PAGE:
Six months after closure due to scourge of Ebola epidemic that killed thousands,the Liberian Government reopens public schools on Monday.
As the schools reopen in Monrovia, the Liberian capiotal, schools reopened Monday morning, students’ temperatures were being taken as they entered.
Ebola’s main symptom is a high fever, and only those who are sick can spread the deadly virus.
Deputy Education Minister, Remses Kumbuyah, said more than 5000 kits have been distributed to schools that included thermometers and chlorine for hand-washing.
He said schools are also to avoid overcrowding – keeping class sizes to around 50 instead of 100 or more.
That’s in an effort to keep students from touching and potentially spreading the virus.
However, rural schools have lagged behind and many were delaying reopening their doors.
As at 14 February 2015, the World Health Organization (WHO) and respective governments have reported a total of 23,217 suspected cases and 9,353 deaths.
Although WHO believes that this substantially understates the magnitude of the outbreak.
This is the first Ebola outbreak to reach epidemic proportions; past outbreaks were brought under control within a few weeks.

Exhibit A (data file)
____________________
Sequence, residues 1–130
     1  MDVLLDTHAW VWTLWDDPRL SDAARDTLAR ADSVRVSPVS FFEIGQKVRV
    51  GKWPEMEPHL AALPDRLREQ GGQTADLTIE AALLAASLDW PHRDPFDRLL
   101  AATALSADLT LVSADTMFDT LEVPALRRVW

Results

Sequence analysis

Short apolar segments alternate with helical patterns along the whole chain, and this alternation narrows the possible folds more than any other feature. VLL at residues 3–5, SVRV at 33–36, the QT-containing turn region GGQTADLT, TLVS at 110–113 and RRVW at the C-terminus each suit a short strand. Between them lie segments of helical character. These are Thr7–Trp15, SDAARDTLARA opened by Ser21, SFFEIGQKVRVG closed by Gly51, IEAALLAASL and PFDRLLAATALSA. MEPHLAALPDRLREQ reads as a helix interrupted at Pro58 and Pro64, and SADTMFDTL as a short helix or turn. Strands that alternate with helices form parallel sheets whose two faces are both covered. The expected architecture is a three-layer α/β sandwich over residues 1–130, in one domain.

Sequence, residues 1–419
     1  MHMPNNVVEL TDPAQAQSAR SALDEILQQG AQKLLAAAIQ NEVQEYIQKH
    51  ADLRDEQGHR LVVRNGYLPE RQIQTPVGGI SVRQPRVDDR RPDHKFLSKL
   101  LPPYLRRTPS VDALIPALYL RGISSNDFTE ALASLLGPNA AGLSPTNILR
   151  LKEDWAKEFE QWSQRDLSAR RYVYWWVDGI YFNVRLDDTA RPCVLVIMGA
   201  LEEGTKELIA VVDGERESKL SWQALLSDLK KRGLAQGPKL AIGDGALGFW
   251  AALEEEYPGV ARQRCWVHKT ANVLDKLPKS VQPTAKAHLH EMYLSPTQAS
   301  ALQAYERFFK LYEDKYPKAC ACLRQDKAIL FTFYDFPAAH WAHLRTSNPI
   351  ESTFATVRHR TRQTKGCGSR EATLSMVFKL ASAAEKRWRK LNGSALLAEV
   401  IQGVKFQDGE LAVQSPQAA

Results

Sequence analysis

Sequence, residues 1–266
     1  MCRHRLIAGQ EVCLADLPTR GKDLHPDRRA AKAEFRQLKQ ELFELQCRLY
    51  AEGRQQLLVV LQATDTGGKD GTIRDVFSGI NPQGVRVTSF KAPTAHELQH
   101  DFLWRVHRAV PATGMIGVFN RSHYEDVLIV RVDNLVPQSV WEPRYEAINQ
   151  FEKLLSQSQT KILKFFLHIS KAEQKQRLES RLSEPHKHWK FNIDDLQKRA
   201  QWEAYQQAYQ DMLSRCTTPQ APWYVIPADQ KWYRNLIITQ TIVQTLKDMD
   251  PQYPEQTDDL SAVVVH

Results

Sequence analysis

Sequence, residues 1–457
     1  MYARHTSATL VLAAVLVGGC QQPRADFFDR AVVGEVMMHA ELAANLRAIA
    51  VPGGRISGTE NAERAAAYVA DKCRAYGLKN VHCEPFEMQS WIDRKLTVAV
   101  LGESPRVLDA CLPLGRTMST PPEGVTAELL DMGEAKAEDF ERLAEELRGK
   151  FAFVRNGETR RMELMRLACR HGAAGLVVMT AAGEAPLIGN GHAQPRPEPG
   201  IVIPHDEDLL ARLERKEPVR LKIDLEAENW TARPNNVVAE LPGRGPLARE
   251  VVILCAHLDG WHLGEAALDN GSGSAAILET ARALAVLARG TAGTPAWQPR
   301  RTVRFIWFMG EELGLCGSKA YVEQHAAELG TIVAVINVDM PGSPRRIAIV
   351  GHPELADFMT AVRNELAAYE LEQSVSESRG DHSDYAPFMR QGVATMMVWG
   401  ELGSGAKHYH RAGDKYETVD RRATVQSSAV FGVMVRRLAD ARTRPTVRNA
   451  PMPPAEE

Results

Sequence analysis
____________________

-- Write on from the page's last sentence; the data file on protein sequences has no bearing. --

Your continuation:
Extreme poverty, a dysfunctional healthcare system, a mistrust of government officials after years of armed conflict, and the delay in responding to the outbreak for several months have all contributed to the failure to control the epidemic.
Other factors include local burial customs that include washing of the body after death, the spread to densely populated cities, and international indifference.
In Liberia, WHO statistics as at Feb. 16 showed that 3,900 deaths were recorded out of 9007 cases reported. The country recorded the highest severity of the cases out of nine countries.
United Kingdom, Senegal and Spain recorded one single case of ebola so far.